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HEBREW: 3362 Menqy [email protected]`am
NAVE: Jokneam
Join | Jokdeam | Jokdean | Jokim | Jokmeam | Jokneam | Jokshan | Joktan | Joktheel | Jona | Jonah, Book of


In Bible versions:

a town of Zebulun given to the Merarite Levites, 12 km NW of Megiddo

possessing, or building up, of the people
NETBible Maps: Map1 C4 ; Map2 D1 ; Map4 B2 ; Map5 G2
Google Maps: Jokneam (32° 39´, 35° 6´)


Strongs #03362: Menqy [email protected]`am

Jokneam = "the people lament"

1) a city of Canaan conquered by Joshua and in the territory of
Zebulun but allotted to the Merarite Levites and located Mount Carmel

3362 Yoqn`am yok-neh-awm'

from 6969 and 5971; (the) people will be lamented; Jokneam, a
place in Palestine:-Jokneam.
see HEBREW for 06969
see HEBREW for 05971

Jokneam [NAVE]

JOKNEAM, a Levitical city of Zebulun, Josh. 12:22; 19:11; 21:34.
See: Jokmeam.


(possessed by the people), a city of the tribe of Zebulun, allotted with its suburbs to the Merarite Levites. (Joshua 21:34) Its modern site is Tell Kaimon , an eminence which stands just below the eastern termination of Carmel.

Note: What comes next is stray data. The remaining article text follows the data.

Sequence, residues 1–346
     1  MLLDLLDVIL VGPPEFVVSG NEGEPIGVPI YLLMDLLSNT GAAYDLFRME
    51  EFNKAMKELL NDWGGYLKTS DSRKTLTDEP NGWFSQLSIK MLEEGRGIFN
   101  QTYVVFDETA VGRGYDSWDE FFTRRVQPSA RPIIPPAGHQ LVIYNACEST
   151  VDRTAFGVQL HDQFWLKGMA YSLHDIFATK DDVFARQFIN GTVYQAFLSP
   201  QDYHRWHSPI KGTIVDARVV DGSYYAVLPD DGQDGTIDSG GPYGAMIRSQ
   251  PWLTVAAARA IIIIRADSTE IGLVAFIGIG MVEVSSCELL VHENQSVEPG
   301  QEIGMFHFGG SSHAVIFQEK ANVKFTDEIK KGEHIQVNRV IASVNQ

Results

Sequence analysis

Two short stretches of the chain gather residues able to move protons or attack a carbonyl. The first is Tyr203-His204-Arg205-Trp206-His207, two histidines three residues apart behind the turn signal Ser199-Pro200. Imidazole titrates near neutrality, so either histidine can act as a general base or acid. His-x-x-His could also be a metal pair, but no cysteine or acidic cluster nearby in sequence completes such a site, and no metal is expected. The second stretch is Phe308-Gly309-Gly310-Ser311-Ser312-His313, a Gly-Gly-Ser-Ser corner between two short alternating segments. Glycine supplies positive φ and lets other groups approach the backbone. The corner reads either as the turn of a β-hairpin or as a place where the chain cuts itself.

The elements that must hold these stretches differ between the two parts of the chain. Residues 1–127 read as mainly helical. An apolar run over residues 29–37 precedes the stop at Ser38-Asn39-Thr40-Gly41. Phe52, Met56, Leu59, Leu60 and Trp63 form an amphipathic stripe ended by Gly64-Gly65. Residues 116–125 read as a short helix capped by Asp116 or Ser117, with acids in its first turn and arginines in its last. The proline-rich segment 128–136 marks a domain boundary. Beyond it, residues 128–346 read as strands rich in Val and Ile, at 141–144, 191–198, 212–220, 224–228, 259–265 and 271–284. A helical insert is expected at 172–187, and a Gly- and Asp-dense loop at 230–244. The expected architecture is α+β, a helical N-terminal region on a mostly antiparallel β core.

JOKNEAM - jok'-ne-am (yoqne`am): A royal city of the Canaanites taken by Joshua and described as "in Carmel" (Josh 12:22), in the territory of Zebulun, and allotted to the Merarite Levites (21:34). The border of Zebulun "reached to the brook that is before Jokneam" (19:11). In 1 Ki 4:12 the name appears in the King James Version where, with the Revised Version (British and American), we should read "Jokmeam." Eusebius, Onomasticon places it 6 Roman miles from Lejio (Lejjun) on the way to Ptolemais (Acre). This points to Tell Kaimun, a striking mound on the eastern slope of Mt. Carmel. To the East of it runs the "torrent bed" of the Kishon. It stands about 300 ft. above the valley to the North of it, and the sides are steep. It is crowned by the ruins of an 18th-century fortress. A little lower down are the remains of a small chapel. There are fine springs at the foot (PEFM, II, 69 f). In Judith 7:3 it appears as "Cyamon" (Kuamon). It is the "Mons Cain" of the Middle Ages. "In the Samaritan Book of Judges it is noticed as the scene of a conflict between the Hebrews and the Giants; and Joshua is said to have been shut up here in magic walls of brass, till on sending a dove to the Hebrew king of Gilead, he was rescued" (Conder, HDB, under the word).

W. Ewing

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